“Overall, well done. The talented Carey Mulligan is definitely someone to watch as her career develops. She plays her role as mature, smart and savvy — almost a bit more than was believable, considering the circumstances of the character. Her suave and worldly love interest is well played by Peter Sarsgaard, and the knot in your gut tightens as the story unfolds and you sense where it’s heading. I loved the way Rosamund Pike played the girlfriend of Sarsgaard’s business partner. Both she and the mother seemed to illustrate the razor’s edge walked by women of the time who had to smile and pretend everything was fine even when it wasn’t. So much of this movie shows women’s struggle at many levels to claim choices for themselves that didn’t involve sacrificing their intelligence, dignity, dreams or humanity. I think the story’s initially smooth momentum becomes a bit choppy in the latter part of the film, which seemed not quite sure how to wrap up the story to a conclusion. Despite some shortcomings, the film is still definitely worth seeing.”

Did You Know?

Director Lone Scherfig says she experimented with giving the actors options during scenes. For instance, she told Peter Sarsgaard that if he felt like it he could start a conversation with an extra playing a doorman in one scene despite there not being any written dialogue.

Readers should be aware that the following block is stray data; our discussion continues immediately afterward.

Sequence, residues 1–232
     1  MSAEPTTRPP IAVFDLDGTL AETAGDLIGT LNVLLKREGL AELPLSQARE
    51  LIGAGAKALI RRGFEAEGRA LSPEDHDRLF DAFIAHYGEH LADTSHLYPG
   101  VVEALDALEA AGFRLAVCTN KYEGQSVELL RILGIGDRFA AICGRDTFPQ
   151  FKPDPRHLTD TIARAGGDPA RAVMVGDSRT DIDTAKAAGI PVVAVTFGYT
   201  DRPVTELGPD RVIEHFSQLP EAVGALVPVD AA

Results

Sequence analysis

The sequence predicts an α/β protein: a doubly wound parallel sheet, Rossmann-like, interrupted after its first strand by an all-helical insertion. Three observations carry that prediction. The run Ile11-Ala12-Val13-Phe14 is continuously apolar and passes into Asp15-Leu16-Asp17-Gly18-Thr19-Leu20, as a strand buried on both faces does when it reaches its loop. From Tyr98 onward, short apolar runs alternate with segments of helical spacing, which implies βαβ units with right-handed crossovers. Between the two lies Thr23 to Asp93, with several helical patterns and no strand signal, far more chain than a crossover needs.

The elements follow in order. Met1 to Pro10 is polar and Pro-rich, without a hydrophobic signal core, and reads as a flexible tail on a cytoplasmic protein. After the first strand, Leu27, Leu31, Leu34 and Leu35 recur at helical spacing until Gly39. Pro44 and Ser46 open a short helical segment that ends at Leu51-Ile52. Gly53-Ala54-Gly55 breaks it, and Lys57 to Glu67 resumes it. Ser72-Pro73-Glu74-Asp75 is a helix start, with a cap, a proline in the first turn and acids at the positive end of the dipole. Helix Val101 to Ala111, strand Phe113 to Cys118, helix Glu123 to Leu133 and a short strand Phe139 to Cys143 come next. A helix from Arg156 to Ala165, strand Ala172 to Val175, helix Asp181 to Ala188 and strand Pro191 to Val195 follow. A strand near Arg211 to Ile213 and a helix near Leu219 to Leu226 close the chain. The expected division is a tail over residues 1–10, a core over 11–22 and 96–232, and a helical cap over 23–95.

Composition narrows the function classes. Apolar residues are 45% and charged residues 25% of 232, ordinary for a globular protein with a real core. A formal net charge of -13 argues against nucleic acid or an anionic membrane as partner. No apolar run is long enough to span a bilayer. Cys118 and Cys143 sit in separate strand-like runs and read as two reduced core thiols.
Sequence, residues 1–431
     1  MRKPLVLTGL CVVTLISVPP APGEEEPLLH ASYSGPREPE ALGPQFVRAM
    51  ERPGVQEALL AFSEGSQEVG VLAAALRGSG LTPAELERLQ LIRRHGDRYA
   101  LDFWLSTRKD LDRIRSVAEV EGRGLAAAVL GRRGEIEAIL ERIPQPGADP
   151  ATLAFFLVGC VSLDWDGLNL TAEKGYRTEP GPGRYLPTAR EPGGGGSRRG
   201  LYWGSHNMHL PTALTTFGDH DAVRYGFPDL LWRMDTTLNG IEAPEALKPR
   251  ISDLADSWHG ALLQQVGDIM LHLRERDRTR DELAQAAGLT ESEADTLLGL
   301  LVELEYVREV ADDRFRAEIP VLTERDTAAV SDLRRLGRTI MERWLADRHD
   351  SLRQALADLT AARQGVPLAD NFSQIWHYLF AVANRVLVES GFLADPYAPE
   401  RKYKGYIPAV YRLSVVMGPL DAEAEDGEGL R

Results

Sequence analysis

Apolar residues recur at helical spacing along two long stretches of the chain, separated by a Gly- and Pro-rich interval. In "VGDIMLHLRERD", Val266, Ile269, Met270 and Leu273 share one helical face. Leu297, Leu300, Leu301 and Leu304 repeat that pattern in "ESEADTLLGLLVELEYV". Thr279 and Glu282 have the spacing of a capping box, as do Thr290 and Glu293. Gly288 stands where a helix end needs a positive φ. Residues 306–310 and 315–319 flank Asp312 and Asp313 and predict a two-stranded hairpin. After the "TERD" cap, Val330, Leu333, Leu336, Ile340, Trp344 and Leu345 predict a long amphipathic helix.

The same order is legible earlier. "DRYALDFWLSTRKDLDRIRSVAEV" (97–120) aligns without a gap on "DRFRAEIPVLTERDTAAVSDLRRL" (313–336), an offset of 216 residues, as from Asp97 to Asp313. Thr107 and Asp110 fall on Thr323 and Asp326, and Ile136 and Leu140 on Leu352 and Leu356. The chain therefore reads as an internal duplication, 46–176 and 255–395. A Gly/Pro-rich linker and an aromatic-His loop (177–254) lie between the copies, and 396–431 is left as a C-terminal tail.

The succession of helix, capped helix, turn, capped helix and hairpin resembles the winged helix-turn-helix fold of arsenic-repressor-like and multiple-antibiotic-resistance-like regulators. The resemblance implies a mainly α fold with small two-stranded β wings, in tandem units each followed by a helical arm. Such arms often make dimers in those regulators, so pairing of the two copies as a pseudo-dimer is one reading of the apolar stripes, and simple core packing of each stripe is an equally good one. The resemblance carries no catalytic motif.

Carey Mulligan mentioned in an interview at the Sundance Film Festival that some of the most enjoyable moments of filming where when there were actors who only came in for a day or so, like Sally Hawkins and Emma Thompson, and she particularly enjoyed the four scenes she shot with the latter, whom she described as being “amazing“, and called her acting “brilliant“.

Three Nominations

Best Motion Picture
Best Actress ~ Carey Mulligan
Best in Adapted Screenplay

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Filed under 82nd Academy Awards, Best Actress, Best Adap Screenplay, Best Picture, Books, Culture, Education, England, Entertainment, Hollywood, Pop Culture, Students, Uncategorized, US, Video/YouTube, Women's Issues, World, Young Women

Nominated for Best Actress ~ Carey Mulligan ~An Education